Issue No. 04 - July/August (2011 vol. 8)
DOI Bookmark: http://doi.ieeecomputersociety.org/10.1109/TDSC.2010.70
Yair Amir , Johns Hopkins University, Baltimore
Brian Coan , Telcordia Technologies, Piscataway
Jonathan Kirsch , Johns Hopkins University, Baltimore
John Lane , Johns Hopkins University, Baltimore
Existing Byzantine-resilient replication protocols satisfy two standard correctness criteria, safety and liveness, even in the presence of Byzantine faults. The runtime performance of these protocols is most commonly assessed in the absence of processor faults and is usually good in that case. However, faulty processors can significantly degrade the performance of some protocols, limiting their practical utility in adversarial environments. This paper demonstrates the extent of performance degradation possible in some existing protocols that do satisfy liveness and that do perform well absent Byzantine faults. We propose a new performance-oriented correctness criterion that requires a consistent level of performance, even with Byzantine faults. We present a new Byzantine fault-tolerant replication protocol that meets the new correctness criterion and evaluate its performance in fault-free executions and when under attack.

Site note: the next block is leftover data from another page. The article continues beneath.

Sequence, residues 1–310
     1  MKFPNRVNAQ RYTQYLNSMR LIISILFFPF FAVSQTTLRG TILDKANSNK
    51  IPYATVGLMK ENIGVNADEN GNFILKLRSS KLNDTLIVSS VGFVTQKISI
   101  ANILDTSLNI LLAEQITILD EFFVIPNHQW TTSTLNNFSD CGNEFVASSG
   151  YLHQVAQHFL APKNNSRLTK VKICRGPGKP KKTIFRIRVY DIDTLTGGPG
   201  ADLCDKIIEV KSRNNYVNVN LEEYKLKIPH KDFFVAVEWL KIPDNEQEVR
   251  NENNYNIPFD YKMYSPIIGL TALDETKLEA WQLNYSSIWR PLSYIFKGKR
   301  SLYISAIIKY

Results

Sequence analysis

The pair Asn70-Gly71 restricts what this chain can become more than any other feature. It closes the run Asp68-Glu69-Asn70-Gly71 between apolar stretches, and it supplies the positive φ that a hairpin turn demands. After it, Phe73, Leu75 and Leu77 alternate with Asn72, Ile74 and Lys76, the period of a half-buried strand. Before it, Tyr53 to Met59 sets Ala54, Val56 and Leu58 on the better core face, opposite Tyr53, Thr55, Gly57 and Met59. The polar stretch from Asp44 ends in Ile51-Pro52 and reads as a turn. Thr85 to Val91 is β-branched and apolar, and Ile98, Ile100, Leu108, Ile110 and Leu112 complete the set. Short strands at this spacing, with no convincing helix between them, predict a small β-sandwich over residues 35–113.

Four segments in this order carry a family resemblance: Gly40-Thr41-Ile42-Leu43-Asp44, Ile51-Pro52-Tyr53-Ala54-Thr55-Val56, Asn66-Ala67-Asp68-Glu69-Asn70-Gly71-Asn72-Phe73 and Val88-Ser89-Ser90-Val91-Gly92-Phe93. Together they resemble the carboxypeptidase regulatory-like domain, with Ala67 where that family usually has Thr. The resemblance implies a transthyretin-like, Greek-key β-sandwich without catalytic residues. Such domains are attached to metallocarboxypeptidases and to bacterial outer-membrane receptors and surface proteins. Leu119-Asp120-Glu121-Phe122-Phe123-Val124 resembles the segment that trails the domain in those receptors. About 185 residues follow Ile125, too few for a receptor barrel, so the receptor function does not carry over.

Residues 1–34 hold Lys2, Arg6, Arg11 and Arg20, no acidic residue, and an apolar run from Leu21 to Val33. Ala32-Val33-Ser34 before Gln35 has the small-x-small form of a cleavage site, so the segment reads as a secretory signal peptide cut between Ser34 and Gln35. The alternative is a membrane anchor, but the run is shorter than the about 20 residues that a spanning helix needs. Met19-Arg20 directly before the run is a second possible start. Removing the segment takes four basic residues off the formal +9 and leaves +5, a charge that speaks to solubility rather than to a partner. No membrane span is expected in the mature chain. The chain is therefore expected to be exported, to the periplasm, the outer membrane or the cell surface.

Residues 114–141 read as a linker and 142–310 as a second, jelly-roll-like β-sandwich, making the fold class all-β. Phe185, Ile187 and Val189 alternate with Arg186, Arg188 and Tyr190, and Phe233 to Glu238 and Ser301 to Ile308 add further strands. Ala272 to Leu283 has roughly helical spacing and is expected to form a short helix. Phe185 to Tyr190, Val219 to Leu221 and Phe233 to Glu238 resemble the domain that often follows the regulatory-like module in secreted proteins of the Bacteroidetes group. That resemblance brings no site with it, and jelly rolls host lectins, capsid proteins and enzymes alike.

Performance under attack, Byzantine fault tolerance, replicated state machines, distributed systems.
J. Kirsch, B. Coan, Y. Amir and J. Lane, "Prime: Byzantine Replication under Attack," in IEEE Transactions on Dependable and Secure Computing, vol. 8, no. , pp. 564-577, 2010.